Re: Bee Pods
- To: "Walter A. Moores" <wam2@Ra.MsState.Edu>
- Subject: Re: Bee Pods
- From: "John I. Jones" <firstname.lastname@example.org>
- Date: Sat, 13 Jun 1998 05:57:30 +0000
- References: <Pine.SOL.3.96.980612152001.22667D-100000@Ra.MsState.Edu>
Walter A. Moores wrote:
> Lynn, are these bee pods or balloon (air) pods? I have had a lot
> of balloon pods in a patch of over six hundred bearded plus seedlings this
> year but have three bee pods. Balloon pods don't fill out or get fat.
> There are 'depressions' along the 'seams' of the balloon pods, and when
> you open one, there may be tiny, undeveloped seeds that resemble grains of
> salt. With all the honeybees and bumblebees we have in this rural part of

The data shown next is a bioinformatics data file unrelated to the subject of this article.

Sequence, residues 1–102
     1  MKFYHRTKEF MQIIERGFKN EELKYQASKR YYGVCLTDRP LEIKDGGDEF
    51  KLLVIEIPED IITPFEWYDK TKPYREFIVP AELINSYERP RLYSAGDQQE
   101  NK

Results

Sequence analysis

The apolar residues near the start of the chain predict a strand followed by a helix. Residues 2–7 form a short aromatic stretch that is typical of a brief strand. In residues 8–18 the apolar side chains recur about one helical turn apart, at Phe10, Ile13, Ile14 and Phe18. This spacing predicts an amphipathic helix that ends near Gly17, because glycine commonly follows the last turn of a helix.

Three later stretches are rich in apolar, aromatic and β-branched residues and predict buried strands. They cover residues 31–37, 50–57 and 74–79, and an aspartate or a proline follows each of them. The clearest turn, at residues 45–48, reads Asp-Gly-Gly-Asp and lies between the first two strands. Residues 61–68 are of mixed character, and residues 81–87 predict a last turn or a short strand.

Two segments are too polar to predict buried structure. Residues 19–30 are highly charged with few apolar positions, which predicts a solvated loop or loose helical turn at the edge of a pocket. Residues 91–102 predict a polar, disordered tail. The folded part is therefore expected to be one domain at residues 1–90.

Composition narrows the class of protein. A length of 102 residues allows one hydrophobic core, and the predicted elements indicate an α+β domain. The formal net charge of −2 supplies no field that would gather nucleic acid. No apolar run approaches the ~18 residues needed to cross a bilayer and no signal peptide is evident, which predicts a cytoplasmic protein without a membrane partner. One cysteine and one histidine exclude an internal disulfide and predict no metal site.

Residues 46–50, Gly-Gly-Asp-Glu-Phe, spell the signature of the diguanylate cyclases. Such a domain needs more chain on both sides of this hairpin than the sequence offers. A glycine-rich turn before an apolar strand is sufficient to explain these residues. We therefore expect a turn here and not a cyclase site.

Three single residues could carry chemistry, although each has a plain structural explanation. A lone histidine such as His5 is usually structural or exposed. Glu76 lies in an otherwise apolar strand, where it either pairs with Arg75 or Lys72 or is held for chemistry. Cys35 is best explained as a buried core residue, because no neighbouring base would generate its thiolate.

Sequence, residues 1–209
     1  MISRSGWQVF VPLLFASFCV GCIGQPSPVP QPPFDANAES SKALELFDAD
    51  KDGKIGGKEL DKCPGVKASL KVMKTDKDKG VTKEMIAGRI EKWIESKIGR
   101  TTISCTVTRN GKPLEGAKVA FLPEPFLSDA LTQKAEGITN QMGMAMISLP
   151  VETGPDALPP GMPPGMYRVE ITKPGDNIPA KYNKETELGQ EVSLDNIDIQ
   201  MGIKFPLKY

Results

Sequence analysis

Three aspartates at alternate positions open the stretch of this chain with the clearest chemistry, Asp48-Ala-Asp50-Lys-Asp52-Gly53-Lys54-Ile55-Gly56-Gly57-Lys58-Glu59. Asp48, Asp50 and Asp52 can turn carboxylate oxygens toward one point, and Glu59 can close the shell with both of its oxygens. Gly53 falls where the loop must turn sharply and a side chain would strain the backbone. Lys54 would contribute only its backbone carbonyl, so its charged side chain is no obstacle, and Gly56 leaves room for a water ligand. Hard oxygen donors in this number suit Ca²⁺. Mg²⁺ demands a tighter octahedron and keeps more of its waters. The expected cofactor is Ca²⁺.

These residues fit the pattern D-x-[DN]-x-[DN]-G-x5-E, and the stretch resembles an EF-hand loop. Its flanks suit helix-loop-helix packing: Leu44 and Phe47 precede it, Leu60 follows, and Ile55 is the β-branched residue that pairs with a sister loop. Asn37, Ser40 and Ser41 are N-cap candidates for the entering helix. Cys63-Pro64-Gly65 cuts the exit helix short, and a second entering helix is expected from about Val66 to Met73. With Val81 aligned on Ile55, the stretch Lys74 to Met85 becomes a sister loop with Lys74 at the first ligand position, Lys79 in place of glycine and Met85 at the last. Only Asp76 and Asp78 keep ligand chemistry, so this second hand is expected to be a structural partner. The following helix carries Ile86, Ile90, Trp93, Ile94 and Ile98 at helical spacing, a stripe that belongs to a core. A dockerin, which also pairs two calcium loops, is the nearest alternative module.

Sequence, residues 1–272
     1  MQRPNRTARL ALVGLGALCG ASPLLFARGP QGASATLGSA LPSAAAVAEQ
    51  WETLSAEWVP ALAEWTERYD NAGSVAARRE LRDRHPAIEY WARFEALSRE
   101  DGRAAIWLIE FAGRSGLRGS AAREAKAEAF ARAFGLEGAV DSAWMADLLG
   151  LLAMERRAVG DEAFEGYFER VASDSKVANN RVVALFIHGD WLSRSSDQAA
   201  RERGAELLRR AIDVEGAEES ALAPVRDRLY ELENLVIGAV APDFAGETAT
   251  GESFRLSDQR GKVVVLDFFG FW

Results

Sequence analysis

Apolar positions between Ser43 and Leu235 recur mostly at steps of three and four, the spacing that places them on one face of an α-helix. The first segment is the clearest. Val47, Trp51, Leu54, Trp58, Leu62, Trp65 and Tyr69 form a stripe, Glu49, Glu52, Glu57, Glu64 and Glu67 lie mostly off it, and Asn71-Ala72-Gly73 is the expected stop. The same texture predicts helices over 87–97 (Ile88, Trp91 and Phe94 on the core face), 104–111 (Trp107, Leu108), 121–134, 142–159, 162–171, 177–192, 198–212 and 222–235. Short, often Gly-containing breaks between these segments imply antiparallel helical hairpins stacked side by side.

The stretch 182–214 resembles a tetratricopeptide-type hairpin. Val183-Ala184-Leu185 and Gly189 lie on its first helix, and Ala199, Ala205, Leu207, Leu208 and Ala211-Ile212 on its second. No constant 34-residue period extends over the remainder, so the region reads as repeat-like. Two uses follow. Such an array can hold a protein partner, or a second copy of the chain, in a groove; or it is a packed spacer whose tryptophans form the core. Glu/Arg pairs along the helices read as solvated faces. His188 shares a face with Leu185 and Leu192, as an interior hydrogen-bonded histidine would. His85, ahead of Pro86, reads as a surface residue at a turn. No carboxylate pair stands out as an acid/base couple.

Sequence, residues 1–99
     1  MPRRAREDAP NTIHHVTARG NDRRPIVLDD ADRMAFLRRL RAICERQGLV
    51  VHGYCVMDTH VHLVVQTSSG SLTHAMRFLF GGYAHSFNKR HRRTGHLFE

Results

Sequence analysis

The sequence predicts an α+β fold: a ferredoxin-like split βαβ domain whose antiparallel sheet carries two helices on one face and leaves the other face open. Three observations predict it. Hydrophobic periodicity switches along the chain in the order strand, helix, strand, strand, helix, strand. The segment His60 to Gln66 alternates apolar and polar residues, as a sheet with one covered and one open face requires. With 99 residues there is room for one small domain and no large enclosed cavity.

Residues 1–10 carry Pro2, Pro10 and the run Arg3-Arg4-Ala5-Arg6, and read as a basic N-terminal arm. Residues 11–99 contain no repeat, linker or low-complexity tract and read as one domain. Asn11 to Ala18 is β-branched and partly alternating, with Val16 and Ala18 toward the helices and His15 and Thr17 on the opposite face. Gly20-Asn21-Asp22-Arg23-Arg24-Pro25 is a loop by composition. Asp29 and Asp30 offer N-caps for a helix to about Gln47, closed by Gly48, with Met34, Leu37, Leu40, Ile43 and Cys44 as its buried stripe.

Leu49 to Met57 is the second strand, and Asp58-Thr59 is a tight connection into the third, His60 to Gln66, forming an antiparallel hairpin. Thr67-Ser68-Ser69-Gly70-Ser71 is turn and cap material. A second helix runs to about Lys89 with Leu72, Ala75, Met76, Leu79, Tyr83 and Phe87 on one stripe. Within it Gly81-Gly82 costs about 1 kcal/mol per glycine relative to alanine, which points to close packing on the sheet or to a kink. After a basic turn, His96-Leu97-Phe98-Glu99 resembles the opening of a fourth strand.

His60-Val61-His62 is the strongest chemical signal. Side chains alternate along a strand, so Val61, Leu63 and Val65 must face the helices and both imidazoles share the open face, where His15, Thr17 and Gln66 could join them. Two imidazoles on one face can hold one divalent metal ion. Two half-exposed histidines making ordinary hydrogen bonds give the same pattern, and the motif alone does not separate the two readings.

> MS, I think three bee pods is quite a low percentage when I consider the
> thousands of blooms I had.
> Walter Moores
> Enid Lake, MS 7/8
> On Fri, 12 Jun 1998, John I. Jones wrote:
> > email@example.com wrote:
> > >
> > > There was a thread earlier this year about bee pods on TB. Most posters
> > > seemed to think bee pods were very unlikely on TB, with Mark Cook as the
> > > lone poster stating that bee pods were fairly common on TB, in his
> > > experience. My experience this year agrees with Mark's. In one bed of
> > > TB, only about 30 stalks bloomed, because of damage from a late freeze.
> > > That bed has 19 bee pods. I also have bee pods on Louisianas,
> > > pseudacorus, and Dutch iris, but not nearly as many as on the TB bed.
> > > Has anyone else noticed a lot of bee pods this year?
> > >
> > > Lynn Woosley
> > > Home Delights
> > > Marietta, GA
> > >
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